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Felony Assault

Assault, in its most basic form, is causing pain to another person and is the most common charge in Colorado. Colorado divides assault into two categories: first and second-degree assault.

You run the risk of being labeled a convicted felon if you’ve been charged with felony assault. As a result, you could spend time in prison, be required to pay expensive fines and lose some of your basic rights. No matter the charge, you will need an experienced assault attorney in Colorado Springs on your side.

Assault Attorney in Colorado Springs, CO

Assault is too serious of a charge to be handled by an inexperienced attorney. The attorneys at Law Offices of Clifton Black, PC have proven experience defending individuals charged with assault, and they will stop at nothing to ensure the best possible outcome is achieved. Don’t hesitate when it comes to your future. The sooner you contact the Law Offices of Clifton Black, PC, the better your chances of a more favorable outcome in court.

Call (719) 328-1616 to schedule your confidential consultation. Law Offices of Clifton Black, PC proudly represents clients in El Paso County, Douglas County, and Teller County.


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Assault Laws in Colorado

As mentioned earlier, Colorado divides assault into two categories. Whether you are charged with assault in the first, second, or third degree will depend on the extent of the injuries and how they occurred. Listed below is a brief explanation of each assault charge:

Assault in the Second Degree

Assault in the second degree is considered the most serious form of assault. Under Colorado law, you can be charged with first-degree assault under the following circumstances:

  • With intent to cause serious bodily injury you caused serious bodily injury using a deadly weapon
  • With intent to seriously and permanently disfigure another person, or destroy, amputate or permanently disable an organ of their body, you cause such injury
  • Acted with extreme indifference to the value of life and knowingly created a substantial risk of death that resulted in serious bodily injury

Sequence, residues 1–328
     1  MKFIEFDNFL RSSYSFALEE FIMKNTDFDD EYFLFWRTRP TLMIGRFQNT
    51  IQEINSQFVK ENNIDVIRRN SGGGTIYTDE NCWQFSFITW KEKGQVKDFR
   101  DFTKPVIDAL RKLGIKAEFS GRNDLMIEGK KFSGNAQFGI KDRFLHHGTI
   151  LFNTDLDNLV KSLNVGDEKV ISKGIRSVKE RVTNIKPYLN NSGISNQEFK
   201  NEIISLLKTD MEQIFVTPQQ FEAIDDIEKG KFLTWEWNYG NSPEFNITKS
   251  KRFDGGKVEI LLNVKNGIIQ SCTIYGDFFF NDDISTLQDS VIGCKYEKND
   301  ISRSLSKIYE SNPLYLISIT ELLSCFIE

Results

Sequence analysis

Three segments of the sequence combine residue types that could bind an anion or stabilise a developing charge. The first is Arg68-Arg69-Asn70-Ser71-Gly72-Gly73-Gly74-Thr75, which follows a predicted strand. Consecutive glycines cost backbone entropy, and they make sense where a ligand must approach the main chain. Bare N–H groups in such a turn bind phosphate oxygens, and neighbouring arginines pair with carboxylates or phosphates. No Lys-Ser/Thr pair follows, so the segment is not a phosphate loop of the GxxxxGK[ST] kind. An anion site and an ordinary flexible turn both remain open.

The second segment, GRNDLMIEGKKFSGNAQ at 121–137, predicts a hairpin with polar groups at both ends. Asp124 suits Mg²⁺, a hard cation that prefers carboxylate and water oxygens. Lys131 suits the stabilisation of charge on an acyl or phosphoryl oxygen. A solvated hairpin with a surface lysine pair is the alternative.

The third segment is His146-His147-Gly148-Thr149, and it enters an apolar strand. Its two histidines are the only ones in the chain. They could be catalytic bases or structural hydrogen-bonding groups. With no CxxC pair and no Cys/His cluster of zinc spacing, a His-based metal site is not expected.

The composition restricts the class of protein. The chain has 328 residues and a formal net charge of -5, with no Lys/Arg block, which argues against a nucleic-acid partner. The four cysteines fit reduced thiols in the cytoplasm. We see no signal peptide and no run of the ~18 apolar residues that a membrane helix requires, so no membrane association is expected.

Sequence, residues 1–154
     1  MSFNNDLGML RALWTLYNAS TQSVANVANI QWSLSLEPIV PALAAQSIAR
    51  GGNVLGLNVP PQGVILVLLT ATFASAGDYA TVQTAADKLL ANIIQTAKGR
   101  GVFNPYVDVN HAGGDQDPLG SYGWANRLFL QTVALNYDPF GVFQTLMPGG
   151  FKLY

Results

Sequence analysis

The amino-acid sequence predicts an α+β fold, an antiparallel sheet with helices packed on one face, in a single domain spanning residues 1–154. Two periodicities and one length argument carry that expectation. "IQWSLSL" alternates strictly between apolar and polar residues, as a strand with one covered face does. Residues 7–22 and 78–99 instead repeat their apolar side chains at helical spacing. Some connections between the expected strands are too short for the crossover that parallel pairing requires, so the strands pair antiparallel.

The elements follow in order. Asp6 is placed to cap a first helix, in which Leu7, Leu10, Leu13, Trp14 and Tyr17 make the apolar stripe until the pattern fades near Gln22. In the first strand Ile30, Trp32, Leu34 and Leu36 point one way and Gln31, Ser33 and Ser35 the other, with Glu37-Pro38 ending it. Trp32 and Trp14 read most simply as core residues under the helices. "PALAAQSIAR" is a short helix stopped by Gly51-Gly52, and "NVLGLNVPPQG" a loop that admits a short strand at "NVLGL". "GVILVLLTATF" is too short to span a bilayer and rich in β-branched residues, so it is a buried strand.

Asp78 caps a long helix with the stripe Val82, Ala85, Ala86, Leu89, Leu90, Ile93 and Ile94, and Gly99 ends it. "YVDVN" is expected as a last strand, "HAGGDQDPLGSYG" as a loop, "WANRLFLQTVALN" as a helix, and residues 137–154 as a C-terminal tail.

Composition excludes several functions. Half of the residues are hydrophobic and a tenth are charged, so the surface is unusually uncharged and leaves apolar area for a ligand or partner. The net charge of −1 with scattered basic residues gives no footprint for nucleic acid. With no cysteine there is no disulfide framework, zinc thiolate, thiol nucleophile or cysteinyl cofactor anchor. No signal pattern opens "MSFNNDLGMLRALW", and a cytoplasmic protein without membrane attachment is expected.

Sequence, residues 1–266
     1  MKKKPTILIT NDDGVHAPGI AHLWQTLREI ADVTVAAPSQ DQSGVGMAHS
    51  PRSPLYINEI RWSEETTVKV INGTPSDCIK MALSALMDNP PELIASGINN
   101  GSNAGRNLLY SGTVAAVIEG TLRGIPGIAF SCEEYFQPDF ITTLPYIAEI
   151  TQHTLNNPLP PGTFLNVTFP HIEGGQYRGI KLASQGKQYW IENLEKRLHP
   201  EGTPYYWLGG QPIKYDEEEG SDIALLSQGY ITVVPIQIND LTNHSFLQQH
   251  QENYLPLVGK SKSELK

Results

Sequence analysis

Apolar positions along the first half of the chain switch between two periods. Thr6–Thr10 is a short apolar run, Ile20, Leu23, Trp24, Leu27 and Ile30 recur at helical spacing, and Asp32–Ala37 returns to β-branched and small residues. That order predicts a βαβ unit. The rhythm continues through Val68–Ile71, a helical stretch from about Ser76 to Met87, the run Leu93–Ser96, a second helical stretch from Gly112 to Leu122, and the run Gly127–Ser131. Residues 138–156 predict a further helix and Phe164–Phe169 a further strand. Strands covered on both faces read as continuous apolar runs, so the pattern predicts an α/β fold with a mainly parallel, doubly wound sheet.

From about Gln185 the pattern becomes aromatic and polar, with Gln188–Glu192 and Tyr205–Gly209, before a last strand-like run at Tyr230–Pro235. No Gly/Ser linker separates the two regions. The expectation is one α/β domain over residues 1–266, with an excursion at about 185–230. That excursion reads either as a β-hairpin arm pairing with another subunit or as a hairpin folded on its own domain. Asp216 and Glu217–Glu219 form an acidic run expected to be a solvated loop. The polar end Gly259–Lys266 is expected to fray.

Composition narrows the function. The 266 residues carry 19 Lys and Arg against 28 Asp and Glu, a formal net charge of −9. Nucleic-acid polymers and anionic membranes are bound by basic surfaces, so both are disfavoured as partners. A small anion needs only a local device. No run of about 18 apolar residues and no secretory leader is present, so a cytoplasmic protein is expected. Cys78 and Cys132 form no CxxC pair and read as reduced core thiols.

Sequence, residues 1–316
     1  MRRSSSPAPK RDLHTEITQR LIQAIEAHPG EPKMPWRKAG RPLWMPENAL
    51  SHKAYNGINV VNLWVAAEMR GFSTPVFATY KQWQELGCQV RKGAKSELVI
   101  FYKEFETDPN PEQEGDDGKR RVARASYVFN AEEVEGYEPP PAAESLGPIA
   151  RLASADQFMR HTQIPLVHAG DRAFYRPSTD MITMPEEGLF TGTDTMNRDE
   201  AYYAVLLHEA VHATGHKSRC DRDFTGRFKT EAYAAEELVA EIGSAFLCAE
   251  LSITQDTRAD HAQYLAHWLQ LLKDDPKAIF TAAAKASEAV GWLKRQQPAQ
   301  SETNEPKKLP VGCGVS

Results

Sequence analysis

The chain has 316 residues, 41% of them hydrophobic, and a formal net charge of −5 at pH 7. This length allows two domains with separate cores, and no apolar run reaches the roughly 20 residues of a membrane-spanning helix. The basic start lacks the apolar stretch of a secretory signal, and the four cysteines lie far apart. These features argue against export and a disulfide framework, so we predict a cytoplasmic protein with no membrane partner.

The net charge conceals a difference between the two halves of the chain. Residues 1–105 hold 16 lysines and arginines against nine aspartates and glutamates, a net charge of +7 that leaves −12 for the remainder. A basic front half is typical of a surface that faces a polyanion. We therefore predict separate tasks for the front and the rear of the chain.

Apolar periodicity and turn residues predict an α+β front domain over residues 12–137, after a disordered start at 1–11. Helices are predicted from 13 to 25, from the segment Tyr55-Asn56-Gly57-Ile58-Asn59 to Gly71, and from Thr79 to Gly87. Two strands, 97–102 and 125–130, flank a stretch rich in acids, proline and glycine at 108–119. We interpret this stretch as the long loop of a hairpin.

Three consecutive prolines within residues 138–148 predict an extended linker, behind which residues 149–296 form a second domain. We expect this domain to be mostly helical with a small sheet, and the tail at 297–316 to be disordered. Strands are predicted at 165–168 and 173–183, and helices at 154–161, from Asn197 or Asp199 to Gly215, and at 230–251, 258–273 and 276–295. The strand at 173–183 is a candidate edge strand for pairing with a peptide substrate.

• With intent to cause serious bodily injury, you cause serious bodily injury to a police officer, firefighter, judge, or prison staff using a deadly weapon

Assault in the Second Degree

What sets assault in the first and second degree apart is generally the extent of the injuries or the use of a weapon. In addition to this, various other actions can result in charges for second-degree assault, such as:

  • With intent to cause bodily injury, you cause such injury using a deadly weapon
  • Recklessly causing bodily injury using a deadly weapon
  • With intent to cause bodily injury, you cause serious bodily injury
  • Injuring another person while trying in interfere with a police officer or firefighter performing their duties
  • Intentionally drugging another without their consent for intended harm
  • Knowingly applying violent force to a first responder or court official while in custody

Assault in the Third Degree

While a misdemeanor instead of a felony, third-degree assault is still a serious charge. A person commits assault in the third degree if they:

  • Knowingly or recklessly causes bodily injury to another person
  • Negligently causes bodily to another person with a deadly weapon
  • With intent to harass, annoy, threaten or alarm another person, causes an emergency responder to come into contact with bodily fluid